Response: On January 29, 2008, the Rehabilitation Services Administration published a notice of proposed priority (NPP) in the Federal Register. The NPP announces RSA's intent to replace its regional rehabilitation continuing education programs (RRCEPs) with ten technical assistance and continuing education (TACE) centers.
The background section of the proposed priority states in part:
To address the need for technical assistance and continuing education, RSA seeks to revise the structure of the RRCEP. Rather than supporting two types of regional centers as has been done under the current RRCEP model--those serving state VR agencies, CILS, and CAPs and those serving CRPs--RSA seeks to fund ten regional technical assistance and continuing education centers to provide technical assistance and continuing education for both employees of state VR agencies and all agency partners, (e.g., CILs, CAPs and CRPs).
On its face this looks like a move to streamline the system, consolidating functions and increasing coordination. The model itself is not a bad one, a centralized technical assistance and continuing education center in each region serving the full range of partners in the vocational rehabilitation system. The problem lies, not in what is said, but in what is left unsaid.
Why replace the name, “regional rehabilitation continuing education programs,” with the name, “technical assistance and continuing education centers”? In my reading of the NPP the reason seems clear: the change is intended to compensate for RSA's lack of ability to meet its responsibility to provide technical assistance, particularly to state VR agencies. In 2005, when the RSA regional offices were closed and nearly half of RSA's staff were eliminated, Department of Education leadership claimed that under its new centralized structure RSA would be able to provide better and more responsive technical assistance than it had in the past. In response to an overwhelming number of complaints objecting to the closure of the regional offices, the Department developed a list of talking points for staff to use in answering constituent letters. These contained vague assurances to the effect that technical assistance would be strengthened under the new system. For example, if an individual wrote expressing the concern that migrant programs would be left out, unable to obtain needed technical assistance, the talking points document instructed RSA staff to respond that migrant programs would not only maintain the level of assistance they previously received but would receive better, more responsive assistance than in the past.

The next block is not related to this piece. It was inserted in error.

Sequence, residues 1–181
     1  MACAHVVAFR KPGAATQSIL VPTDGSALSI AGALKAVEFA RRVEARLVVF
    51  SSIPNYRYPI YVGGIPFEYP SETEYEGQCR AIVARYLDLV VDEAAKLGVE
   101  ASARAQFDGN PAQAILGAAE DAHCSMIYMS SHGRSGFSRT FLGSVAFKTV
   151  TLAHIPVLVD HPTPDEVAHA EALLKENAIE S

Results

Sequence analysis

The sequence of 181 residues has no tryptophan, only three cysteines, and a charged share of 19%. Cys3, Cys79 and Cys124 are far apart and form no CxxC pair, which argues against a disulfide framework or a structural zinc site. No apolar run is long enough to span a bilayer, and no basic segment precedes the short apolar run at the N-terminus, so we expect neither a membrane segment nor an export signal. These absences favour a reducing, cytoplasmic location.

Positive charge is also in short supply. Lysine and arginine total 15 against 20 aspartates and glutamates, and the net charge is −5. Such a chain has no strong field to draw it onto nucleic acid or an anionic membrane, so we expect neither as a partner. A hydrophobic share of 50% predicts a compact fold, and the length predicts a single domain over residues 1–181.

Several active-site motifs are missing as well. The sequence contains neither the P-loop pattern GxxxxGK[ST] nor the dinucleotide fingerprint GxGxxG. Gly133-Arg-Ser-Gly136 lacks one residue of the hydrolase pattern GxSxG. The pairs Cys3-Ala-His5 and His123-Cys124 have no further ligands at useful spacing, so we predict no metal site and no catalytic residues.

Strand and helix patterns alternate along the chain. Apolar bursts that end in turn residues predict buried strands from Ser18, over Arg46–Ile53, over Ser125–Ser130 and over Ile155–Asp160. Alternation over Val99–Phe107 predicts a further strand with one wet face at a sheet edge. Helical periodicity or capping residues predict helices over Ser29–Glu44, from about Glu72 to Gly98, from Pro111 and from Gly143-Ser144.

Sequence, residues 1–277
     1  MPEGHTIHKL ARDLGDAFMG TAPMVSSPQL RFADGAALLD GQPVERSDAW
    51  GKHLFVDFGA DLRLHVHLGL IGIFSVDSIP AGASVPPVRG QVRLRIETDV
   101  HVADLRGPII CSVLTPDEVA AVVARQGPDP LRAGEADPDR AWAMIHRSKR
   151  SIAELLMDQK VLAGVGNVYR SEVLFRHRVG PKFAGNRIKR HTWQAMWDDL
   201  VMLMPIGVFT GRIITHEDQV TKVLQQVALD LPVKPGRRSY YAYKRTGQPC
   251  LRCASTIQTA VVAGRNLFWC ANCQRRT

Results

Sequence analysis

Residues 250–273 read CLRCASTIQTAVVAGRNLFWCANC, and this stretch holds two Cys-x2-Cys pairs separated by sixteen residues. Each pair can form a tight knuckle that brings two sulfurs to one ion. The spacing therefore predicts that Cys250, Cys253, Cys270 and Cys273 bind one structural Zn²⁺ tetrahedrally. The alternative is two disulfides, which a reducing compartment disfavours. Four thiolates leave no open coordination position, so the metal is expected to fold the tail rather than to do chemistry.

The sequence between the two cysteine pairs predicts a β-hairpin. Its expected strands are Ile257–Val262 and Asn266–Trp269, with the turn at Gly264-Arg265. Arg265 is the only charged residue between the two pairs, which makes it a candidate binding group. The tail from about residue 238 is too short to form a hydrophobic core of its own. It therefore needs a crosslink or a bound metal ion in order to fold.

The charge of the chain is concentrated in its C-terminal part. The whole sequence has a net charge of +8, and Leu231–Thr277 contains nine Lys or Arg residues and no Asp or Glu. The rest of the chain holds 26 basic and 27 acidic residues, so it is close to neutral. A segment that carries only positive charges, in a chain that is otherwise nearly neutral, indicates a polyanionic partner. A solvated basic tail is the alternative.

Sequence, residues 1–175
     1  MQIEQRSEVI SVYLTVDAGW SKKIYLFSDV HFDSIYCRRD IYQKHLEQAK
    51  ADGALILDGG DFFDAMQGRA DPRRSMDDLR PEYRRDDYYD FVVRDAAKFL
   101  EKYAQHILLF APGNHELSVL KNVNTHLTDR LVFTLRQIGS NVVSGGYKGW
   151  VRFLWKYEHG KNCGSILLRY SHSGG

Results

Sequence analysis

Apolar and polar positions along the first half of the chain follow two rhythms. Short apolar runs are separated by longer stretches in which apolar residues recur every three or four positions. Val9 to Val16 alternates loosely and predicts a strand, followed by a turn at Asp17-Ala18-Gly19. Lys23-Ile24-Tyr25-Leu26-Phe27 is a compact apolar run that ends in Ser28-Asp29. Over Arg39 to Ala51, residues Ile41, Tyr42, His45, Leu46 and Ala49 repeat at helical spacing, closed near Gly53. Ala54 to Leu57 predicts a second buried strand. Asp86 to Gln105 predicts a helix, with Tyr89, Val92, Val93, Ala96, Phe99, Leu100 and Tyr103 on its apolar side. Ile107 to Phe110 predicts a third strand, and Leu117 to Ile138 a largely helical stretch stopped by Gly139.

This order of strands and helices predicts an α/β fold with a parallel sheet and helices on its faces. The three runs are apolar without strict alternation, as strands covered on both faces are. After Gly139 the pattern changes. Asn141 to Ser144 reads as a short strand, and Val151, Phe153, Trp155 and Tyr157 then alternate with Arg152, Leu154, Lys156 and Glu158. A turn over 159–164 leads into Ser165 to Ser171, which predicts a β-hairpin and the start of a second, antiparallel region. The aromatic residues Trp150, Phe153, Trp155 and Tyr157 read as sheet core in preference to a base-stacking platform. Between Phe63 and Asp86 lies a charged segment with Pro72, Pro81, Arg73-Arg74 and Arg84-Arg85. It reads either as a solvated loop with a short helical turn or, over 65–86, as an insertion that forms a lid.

The document contained the same assurance for all its programs. Tribal VR programs, services for blind and deaf individuals--all were told that the new system would increase RSA's ability to provide technical assistance, not lessen it. The new RSA would be all things to all people, better, faster, more responsive. Of course there was no way to prove otherwise, so the dismantling of the regional offices proceeded; and as was predicted, the reality bears little resemblance to the promise.
The loss of the regional offices has been devastating. It now appears that RSA is on track to compound one folly with yet another. Today RSA has virtually no capacity to provide meaningful technical assistance to state VR agencies. The NPP appears to be an attempt to fill this void by diverting funds from the continuing education program to replace the technical assistance function RSA is no longer able to provide.
The language of the NPP makes clear RSA's intent. For example, paragraph 1 reads in part that the new TACE center will: "Establish, in consultation with RSA, an annual work plan ...." The TACE center does not consult with the state VR agency, the Client Assistance Program, independent living centers, tribal VR programs, or any other community partners, only RSA. And what will the TACE center's work plan describe? According to the NPP, "... activities that the center will conduct to assist State VR agencies to accomplish the goals identified in their VR state plans and to achieve other performance and compliance goals identified by RSA's monitoring reports."